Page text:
When thinking about your oral health, you probably remember how often you’ve been told not to eat too much candy of your teeth will rot out. Just about everyone has been told that at some point in their lives, and so we generally know not to eat too much candy. There is a problem with that, though.
Candy isn’t the only culprit when it comes to sugar and decay. Candy is only the most obvious. Our society thinks that if we keep the candy away, our family’s teeth will be fine. You will quickly learn that cutting candy isn’t enough.
Over the next two blog posts, we are going to take a look at sugar and how it affects your body and teeth. The number of decay cases we see at our Houston, TX dentist office are growing, and it’s, in large part, due to the excessive amounts of sugar we eat from unexpected sources.
Where Can Sugar Be Found?
The better question is where can sugar NOT be found. Pick up just about any processed food at the store and check the label. You will find sugar (in all forms) in just about everything! Sugar takes many forms, so it’s important that you know how to identify it so that you know exactly how much is going into your body!
Pasta/Bread – We love our pasta and bread (sometimes together!) in the United States. Unfortunately, pasta and bread are loaded with carbohydrates, which should be spelled S-U-G-A-R.
Potatoes – Potatoes are technically a vegetable, but the amount of carbohydrates in a potato (or an ear of corn, for that matter) is alarming. Especially when you consider how often we eat potatoes or potato products!
Sauces and Condiments – The next time you buy a bottle of ketchup, check out the list of ingredients. Now think about how often your child wants ketchup with his food!
The Downward Spiral of Sugar Intake
The problem with sugar is difficult to explain. You see, your body needs a little bit of sugar to operate, but what we don’t often remember is that your body is capable of turning protein into sugar. In other words, you don’t need to add any extra sugar to your diet!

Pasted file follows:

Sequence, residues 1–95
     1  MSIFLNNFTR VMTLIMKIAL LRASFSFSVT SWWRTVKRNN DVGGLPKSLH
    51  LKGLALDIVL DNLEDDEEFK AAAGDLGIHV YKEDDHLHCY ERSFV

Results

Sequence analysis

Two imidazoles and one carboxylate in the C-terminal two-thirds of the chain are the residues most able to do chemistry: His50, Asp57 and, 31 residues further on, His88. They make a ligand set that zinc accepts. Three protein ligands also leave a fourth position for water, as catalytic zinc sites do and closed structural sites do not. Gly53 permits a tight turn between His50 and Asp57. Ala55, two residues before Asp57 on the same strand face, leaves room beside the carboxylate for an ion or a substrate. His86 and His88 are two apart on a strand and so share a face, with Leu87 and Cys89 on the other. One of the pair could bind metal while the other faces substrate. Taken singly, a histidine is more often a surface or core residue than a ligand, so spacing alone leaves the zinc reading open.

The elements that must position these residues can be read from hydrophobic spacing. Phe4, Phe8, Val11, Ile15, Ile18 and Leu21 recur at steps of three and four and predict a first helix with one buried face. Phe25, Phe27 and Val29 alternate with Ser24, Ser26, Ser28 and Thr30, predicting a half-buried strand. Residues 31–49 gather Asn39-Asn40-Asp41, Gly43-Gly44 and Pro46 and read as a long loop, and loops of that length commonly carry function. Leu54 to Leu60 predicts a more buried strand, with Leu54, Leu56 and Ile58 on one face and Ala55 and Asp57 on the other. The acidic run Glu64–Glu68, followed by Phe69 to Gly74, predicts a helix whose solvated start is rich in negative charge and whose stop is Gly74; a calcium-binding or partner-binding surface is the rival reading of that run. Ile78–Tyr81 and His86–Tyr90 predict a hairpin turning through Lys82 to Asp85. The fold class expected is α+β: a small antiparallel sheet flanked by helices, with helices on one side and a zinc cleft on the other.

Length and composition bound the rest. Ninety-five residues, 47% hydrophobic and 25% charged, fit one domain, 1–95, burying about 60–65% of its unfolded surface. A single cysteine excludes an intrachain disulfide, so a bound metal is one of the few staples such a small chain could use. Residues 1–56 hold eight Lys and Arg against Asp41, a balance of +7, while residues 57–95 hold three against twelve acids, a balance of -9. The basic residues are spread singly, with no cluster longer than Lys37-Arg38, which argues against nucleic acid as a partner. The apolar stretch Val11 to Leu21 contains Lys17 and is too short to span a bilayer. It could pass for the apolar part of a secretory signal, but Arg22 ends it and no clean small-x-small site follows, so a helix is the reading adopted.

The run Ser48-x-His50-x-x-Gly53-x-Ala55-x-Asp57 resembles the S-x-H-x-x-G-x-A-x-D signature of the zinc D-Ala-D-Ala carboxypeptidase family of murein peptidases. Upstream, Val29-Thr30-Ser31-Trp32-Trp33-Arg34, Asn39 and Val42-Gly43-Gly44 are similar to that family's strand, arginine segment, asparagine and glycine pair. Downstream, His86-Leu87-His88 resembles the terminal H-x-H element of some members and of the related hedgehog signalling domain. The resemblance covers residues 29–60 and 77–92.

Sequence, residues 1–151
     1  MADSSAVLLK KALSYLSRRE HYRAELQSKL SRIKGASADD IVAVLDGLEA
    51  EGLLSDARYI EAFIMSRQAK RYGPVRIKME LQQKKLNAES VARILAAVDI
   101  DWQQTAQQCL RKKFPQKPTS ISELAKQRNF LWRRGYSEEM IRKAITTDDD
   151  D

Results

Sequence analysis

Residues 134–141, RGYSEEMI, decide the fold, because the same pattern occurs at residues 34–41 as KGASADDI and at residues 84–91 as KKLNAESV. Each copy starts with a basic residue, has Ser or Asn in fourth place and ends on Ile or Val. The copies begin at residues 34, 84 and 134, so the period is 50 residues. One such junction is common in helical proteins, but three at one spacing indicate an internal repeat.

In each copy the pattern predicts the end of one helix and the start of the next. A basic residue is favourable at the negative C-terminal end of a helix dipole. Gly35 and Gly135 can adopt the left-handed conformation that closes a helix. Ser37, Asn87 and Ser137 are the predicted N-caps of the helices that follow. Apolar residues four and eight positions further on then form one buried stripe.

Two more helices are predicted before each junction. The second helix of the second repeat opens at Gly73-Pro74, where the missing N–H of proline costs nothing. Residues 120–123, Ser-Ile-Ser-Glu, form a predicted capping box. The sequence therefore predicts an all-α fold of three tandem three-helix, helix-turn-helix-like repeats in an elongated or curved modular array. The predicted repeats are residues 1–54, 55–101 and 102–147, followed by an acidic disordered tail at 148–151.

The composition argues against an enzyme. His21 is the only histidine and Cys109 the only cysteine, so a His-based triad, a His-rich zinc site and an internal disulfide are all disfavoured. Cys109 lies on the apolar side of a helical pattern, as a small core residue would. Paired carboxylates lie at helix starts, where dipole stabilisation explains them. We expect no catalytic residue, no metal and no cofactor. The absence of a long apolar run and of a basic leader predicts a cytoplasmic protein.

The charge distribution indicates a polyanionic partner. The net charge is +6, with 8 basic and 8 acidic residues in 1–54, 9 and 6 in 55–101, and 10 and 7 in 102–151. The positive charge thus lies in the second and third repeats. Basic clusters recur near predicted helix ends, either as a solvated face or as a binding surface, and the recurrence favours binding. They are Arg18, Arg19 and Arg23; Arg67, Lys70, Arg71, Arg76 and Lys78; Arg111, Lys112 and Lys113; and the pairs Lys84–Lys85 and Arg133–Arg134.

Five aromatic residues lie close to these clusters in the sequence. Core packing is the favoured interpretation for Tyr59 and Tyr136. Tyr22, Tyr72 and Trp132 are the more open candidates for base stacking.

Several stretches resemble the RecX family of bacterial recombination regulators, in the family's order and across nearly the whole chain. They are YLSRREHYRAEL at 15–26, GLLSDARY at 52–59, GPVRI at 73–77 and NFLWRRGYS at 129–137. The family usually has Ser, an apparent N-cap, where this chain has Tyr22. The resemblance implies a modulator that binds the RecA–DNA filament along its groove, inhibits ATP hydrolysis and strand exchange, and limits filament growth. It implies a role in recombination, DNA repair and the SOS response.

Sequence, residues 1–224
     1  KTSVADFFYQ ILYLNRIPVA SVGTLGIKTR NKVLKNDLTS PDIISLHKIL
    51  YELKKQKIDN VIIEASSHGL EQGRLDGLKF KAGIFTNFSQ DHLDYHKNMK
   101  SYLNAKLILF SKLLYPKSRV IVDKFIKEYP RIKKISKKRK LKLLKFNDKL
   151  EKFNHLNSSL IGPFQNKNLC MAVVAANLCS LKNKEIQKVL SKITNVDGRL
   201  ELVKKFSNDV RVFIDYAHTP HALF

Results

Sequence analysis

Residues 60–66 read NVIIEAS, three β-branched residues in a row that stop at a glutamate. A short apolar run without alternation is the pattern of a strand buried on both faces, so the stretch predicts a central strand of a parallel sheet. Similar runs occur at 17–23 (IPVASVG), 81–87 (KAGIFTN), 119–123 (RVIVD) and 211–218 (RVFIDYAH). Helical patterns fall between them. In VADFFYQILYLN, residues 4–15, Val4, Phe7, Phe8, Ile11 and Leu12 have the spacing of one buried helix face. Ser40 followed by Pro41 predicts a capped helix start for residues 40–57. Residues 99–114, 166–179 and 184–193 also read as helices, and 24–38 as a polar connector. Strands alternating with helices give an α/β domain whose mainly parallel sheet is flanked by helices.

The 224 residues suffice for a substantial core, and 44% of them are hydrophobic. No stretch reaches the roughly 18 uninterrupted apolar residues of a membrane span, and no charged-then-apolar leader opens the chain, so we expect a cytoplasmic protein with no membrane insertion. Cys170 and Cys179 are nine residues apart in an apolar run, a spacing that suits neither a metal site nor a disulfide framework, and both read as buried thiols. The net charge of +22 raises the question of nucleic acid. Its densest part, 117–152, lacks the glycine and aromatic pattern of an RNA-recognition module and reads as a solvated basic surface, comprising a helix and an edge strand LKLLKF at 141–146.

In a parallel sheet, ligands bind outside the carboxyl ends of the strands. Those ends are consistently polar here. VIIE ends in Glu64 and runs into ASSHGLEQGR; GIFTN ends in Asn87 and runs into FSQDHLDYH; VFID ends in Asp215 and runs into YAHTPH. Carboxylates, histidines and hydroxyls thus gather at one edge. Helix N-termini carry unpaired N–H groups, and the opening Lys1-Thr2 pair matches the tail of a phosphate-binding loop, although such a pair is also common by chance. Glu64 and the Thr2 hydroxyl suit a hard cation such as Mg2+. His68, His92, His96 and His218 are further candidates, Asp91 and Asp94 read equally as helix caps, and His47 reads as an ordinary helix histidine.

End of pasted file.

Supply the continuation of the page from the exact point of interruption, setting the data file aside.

Sugar actually affects your brain. It activates the reward center of your brain, which makes you believe that you are getting a treat. Who doesn’t want more treats in their life? That’s just what your brain tells your body. Once you eat sugar, your body wants more because it makes you feel good!
Some research shows that the pancreas doesn’t actually use all of the available sugar for energy. Instead, it turns that sugar into fat to store for later. Your body, looking for that energy, tells the brain that you need more food, which will eventually lead to weight gain and other obesity-related conditions, like diabetes and heart disease.
The Impact on Your Teeth
Your body is not the only thing affected. Your teeth are going to undergo major problems with a sugar-filled diet. Take a look at some of the most common problems associated with the overconsumption of sugar.
Decay – We all know that sugar causes decay. It gets stuck to our teeth where bacteria can come to find it. The bacteria produces acid as a byproduct, and your enamel gets destroyed.
Dehydration – Sugary beverages don’t keep you as hydrated as beverage companies would like for you to believe. The only drink that keeps your body hydrated is water. If your body becomes dehydrated, it isn’t able to produce enough saliva for your mouth, which will lead to dry mouth conditions and more decay.
Weak Enamel – Your teeth need nutrients and minerals from the food that you eat. A diet high in sugar and carbohydrates has very little nutrients and minerals. The result is weak tooth enamel and decay.
Check Back for Part 2
We are going to continue our conversation about sugar and how it affects your teeth and body in our next blog post, so check back with us. Our next post will give you some ideas about how you can help yourself get away from sugar addiction.
In the meantime, contact our office to set up appointments for your family. We would love to help you learn more about how to care for your teeth with the foods that you eat, so call today!